Transnistria Was Ground Zero for Russia’s Neo-Imperial Ambitions

Transnistria Was Ground Zero for Russia’s Neo-Imperial Ambitions
A Russian soldier is seen at a checkpoint in Tiraspol, Transnistrian region, Moldova (Sputnik photo by Artem Kulekin via AP Images).

When examining the past to find the roots of a present-day crisis, developments that were once dismissed as peripheral can often gain a new sense of significance.  For this reason, efforts to explain why relations between Russia and the European Union collapsed over the past decade have taken a closer look at previously neglected factors, such as debates between Russian nationalists in the 1970s or power battles in early 1990s St. Petersburg. But in these reassessments of recent history, one development that perhaps represented the first step toward the current crisis between Moscow and the rest of Europe is often overlooked: the tragic events that unfolded in Moldova over 30 years ago.

Looking back at the cascade of transformative moments leading up to and following the breakup of the Soviet Union in the late 1980s and early 1990s, it is not surprising that efforts by Russian-speakers in Transnistria to break away from the former Soviet republic of Moldova were largely ignored in the West. Despite clear signs of support for the separatist region from Russian nationalists and Russia’s security services, U.S. and EU leaders dismissed appeals for help from Moldovan leaders and their allies in Romania, with both Washington and Brussels more concerned about Russia’s stability and other mounting problems. With the EU already struggling to manage the civil war in the former Yugoslavia, the speed with which Russian troops ended the conflict in Moldova in Transnistria’s favor was almost a relief for Western policymakers, despite the devastating effect the region’s de facto autonomy had on Moldovan society.   

By March 1992, claims by Russian security services and army units on the ground that force needed to be used against Moldova to save supposedly oppressed ethnic Russians should have set alarm bells ringing in Washington and Brussels. But the extent to which the precedents set in Moldova—and in Georgia—entrenched neo-imperial meddling as a core element of post-communist Russian strategy was not adequately understood by Western policymakers until long after Moscow had established facts on the ground.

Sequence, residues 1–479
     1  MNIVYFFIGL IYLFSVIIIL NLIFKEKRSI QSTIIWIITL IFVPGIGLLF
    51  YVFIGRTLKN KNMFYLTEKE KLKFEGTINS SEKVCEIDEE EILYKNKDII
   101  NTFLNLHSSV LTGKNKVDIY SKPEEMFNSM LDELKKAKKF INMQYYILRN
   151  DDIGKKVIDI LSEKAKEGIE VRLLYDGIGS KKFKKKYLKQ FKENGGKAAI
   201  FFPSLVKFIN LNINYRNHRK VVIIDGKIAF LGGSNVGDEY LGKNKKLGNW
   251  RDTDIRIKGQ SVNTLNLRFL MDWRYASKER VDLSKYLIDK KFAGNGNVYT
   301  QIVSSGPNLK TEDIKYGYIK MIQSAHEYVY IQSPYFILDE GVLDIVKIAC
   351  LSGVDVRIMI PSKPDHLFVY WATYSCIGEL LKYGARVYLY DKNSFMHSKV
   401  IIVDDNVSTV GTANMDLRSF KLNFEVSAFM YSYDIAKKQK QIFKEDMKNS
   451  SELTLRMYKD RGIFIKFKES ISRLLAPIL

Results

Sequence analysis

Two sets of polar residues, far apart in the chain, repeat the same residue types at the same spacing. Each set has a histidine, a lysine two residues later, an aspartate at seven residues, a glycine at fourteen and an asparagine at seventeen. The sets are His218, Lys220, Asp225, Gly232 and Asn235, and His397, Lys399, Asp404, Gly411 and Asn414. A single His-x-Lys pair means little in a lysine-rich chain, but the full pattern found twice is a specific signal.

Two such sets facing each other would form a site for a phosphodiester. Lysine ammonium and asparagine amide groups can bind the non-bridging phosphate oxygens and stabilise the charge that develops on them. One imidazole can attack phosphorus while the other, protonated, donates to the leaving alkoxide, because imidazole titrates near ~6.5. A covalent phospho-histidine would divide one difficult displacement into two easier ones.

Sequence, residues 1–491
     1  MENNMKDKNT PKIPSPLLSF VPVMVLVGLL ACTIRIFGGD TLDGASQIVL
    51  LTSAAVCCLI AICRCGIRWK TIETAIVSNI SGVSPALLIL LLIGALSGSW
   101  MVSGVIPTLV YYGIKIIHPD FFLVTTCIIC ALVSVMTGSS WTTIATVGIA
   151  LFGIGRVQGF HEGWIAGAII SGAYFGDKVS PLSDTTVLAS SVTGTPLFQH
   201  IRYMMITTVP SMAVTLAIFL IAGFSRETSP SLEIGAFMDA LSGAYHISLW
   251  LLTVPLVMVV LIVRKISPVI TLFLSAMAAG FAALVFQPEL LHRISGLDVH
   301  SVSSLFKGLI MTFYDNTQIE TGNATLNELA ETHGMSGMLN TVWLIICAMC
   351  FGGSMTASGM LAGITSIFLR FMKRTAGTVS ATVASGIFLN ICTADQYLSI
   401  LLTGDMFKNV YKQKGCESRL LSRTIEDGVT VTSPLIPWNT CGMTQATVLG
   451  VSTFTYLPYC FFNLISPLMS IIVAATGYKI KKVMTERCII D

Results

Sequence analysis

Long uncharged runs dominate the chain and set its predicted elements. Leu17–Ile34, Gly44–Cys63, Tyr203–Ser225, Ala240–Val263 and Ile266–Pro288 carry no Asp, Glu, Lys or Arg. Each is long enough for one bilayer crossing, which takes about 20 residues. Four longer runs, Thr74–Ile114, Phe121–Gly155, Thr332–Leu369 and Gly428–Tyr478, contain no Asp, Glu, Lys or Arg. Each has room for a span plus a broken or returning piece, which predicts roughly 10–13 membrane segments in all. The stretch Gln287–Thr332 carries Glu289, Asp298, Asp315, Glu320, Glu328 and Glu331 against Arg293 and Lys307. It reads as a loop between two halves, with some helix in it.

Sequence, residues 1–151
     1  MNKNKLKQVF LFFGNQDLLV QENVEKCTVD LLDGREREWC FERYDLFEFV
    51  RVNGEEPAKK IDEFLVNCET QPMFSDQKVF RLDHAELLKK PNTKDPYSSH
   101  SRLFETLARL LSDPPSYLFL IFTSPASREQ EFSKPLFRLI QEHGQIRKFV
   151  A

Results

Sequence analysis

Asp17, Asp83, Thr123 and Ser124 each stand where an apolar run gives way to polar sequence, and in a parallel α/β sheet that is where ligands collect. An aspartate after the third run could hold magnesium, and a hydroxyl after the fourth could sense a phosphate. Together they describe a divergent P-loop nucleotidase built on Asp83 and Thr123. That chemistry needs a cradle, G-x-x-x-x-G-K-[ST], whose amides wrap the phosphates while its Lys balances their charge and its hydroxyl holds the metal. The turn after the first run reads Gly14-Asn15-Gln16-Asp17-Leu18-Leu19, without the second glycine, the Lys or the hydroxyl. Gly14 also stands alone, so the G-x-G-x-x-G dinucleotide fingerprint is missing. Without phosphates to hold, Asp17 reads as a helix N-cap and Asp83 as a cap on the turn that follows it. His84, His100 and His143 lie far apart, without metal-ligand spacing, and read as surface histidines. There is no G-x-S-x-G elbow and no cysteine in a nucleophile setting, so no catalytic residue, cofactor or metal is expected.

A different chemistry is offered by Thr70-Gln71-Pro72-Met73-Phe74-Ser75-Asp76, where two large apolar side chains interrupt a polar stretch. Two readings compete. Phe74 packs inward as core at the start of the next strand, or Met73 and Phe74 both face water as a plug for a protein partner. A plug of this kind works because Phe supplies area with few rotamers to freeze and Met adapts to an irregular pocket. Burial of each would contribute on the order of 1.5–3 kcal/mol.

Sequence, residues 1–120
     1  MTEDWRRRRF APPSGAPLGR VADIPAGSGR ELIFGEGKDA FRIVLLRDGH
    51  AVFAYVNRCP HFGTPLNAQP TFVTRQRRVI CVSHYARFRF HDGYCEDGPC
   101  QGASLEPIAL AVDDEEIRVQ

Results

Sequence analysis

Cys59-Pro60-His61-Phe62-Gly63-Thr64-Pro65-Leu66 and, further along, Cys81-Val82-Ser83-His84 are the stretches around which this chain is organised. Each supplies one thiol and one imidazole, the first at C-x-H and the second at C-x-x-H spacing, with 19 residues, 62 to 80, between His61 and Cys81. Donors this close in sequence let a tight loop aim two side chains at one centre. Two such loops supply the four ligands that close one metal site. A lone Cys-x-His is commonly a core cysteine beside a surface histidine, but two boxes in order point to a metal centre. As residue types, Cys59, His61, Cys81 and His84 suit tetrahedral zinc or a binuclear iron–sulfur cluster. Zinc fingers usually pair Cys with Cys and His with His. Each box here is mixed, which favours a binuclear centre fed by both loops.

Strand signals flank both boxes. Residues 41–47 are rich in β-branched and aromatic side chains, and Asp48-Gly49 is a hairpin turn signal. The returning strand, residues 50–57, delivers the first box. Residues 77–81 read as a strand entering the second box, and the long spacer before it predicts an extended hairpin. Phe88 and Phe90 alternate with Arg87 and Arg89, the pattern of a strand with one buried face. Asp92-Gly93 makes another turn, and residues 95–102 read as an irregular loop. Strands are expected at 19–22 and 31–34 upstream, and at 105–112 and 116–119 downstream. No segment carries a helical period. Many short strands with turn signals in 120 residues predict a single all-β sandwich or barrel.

Keep reading for free!

Get instant access to the rest of this article by submitting your email address below. You'll also get access to three articles of your choice each month and our free newsletter:

Or, Subscribe now to get full access.

Already a subscriber? Log in here .

What you’ll get with an All-Access subscription to World Politics Review:

A WPR subscription is like no other resource — it’s like having a personal curator and expert analyst of global affairs news. Subscribe now, and you’ll get:

  • Immediate and instant access to the full searchable library of tens of thousands of articles.
  • Daily articles with original analysis, written by leading topic experts, delivered to you every weekday.
  • Regular in-depth articles with deep dives into important issues and countries.
  • The Daily Review email, with our take on the day’s most important news, the latest WPR analysis, what’s on our radar, and more.
  • The Weekly Review email, with quick summaries of the week’s most important coverage, and what’s to come.
  • Completely ad-free reading.

And all of this is available to you when you subscribe today.

More World Politics Review